- Record Label
- Caroline International
About this item
Following XL Recordings honcho Richard Russell’s remix of ‘Bomb’ a few weeks back, the Crass ‘Feeding Of The Five Thousand’ remix project enters its next stage with a high-energy dancefloor deconstruction of ‘G’s Song’ by New York DJ, producer and promoter Johnny Dynell. Well known for his 1983 cult hit ‘Jam Hot’ (remixed and sampled many times over, most famously by Fatboy Slim and his group Beats International for ‘Dub Be Good To Me’ in 1990), Dynell has had a long and illustrious career in music with his roots in the 70s Downtown No Wave art-punk scene. Dynell’s connection and friendship with Crass goes back to those days when the anarchist punk icons played their only US gigs in 1978 in New York.
‘The 12” also includes a jarring, cut-up experimental remix of the band’s infamous ‘Banned From The Roxy’ worked on by electronic composer and video artist Charles Webber who, apart from his own extensive compositions, has for many years collaborated closely with Crass vocalist Eve Libertine on such works as the chamber opera ‘Room of Worlds’, an arrangement of Wilhelm Reich’s ‘Listen Little Man’ and the ‘Kernschmelze’ series devised by Crass founder Penny Rimbaud.
‘Normal Never Was 2’ is available digitally and on coloured blue vinyl with a limited pressing of 500 copies via Crass Records now working through One Little Independent Records.
Late last year Crass took the step of making the original separate track stems of their seminal debut album ‘The Feeding of the Five Thousand’ available as a free download. With a call to take the original sixteen track recording in its pre-mix state, the intent was for people to create their own remixes and interpretations and breathe fresh life and ideas into this revolutionary music.
First released in 1978, ‘The Feeding of the Five Thousand’ pre-empted rap and grime in its hard-on-the-beat, fast fire, uncompromising lyrics and the iconic sounds and messages are ripe for reinterpretation. Crass encouraged people to rip apart the sound and ideas and create something new, then send the files to Crass Records for future releases and charitable projects. The message is DIY like it never was before. “Yours for the taking, yours for the making,” Crass said. “You do it, we’ll stew it. Mix it backwards, forwards and upside down. Turn up the heat and fix it with a downbeat, bring in the trumpets and let ‘em blow, let the piper call the tune to let us all know. It’s up to you to do what you like with it. The only limitation is your imagination.”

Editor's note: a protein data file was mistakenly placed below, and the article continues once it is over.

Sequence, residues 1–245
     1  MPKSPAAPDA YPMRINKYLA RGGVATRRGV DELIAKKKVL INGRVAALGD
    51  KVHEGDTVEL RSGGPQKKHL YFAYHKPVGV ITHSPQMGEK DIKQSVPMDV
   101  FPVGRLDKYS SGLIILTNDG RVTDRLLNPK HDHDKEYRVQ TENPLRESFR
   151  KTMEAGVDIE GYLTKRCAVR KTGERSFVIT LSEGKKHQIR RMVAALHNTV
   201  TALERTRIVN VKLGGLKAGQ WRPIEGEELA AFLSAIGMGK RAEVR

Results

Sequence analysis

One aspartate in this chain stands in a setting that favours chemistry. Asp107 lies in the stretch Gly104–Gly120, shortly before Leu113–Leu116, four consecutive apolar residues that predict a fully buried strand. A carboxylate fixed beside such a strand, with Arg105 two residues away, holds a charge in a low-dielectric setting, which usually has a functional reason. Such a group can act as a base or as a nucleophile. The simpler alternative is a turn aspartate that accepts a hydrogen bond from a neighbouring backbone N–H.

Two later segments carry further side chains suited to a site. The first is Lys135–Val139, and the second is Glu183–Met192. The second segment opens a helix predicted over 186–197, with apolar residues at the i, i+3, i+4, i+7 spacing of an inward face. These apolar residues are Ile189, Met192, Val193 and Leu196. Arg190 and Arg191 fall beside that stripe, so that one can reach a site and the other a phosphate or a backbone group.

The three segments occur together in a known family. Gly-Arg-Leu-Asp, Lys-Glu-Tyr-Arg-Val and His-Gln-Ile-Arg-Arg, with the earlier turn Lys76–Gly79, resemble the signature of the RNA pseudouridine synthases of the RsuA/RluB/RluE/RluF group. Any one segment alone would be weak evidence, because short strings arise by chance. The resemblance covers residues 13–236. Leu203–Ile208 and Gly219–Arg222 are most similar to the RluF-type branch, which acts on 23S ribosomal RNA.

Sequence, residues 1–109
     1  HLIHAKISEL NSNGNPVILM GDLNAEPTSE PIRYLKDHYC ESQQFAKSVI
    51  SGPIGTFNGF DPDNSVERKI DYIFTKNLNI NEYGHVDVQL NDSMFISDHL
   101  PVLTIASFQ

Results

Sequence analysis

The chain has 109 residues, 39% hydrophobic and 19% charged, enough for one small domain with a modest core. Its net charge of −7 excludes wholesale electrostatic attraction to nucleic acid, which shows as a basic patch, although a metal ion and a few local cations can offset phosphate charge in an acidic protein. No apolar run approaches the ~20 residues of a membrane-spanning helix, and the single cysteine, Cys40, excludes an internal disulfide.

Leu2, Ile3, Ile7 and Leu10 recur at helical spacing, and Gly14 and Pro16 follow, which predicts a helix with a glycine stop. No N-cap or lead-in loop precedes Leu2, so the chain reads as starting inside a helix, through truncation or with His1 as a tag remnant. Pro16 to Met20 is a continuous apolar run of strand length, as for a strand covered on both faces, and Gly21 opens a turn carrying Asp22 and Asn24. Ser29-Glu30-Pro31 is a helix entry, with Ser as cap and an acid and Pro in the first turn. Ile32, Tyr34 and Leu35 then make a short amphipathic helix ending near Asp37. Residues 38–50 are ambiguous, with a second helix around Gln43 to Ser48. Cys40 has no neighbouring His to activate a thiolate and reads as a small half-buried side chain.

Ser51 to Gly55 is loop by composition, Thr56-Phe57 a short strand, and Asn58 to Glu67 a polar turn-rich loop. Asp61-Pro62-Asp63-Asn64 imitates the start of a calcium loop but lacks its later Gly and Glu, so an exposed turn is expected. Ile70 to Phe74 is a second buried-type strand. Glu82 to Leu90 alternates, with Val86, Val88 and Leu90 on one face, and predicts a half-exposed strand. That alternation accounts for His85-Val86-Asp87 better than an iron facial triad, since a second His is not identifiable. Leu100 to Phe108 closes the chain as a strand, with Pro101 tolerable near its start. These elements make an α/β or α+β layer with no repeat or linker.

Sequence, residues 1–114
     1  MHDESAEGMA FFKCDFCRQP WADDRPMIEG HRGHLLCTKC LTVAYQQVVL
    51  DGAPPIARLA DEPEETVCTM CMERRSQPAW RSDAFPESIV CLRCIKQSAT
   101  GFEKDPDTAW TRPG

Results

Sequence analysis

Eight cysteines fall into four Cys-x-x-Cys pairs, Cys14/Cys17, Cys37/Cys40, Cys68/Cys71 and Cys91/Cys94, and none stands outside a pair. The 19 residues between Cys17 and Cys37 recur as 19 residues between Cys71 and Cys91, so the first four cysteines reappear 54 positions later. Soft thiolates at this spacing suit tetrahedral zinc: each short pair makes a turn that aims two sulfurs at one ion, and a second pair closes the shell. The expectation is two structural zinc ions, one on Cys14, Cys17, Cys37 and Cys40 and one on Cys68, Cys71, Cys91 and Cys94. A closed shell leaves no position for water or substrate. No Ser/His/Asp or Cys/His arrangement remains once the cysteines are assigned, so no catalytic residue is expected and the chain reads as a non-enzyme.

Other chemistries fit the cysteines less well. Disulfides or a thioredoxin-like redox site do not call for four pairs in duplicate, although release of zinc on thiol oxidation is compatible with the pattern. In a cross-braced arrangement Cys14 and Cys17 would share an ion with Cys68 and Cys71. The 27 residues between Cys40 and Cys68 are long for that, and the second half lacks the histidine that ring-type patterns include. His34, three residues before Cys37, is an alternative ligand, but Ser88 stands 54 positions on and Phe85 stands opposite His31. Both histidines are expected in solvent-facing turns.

All monies raised from the project will go to the charity ‘Refuge’ - http://www.refuge.org.uk who state:
‘Refuge is incredibly grateful to Crass and their team for helping raise vital funds for Refuge. Since the start of lockdown, Refuge has seen a 66% rise in demand for its Helpline, and a 950% rise in visits to its Helpline website. This shows the sheer extent of the need for specialist domestic abuse services – not just during lockdown but beyond. Every penny raised helps us to ensure that no woman or child is turned away from safety.
‘While lockdown itself doesn’t cause domestic abuse - abuse happens all year round - it does, of course, have the potential to aggravate pre-existing abusive behaviours – and the data we have shows us the increase in the need for our services during lockdown. Refuge worked incredibly hard at the beginning of the pandemic to make sure our services remained open and remained safe. The generous donations we have received, including those from Crass, mean we can continue to provide the life-saving and life-changing services that women experiencing domestic abuse need and deserve.’
1. GSong (Johnny Dynell Remix)
2. Banned (Charles Webber Remix)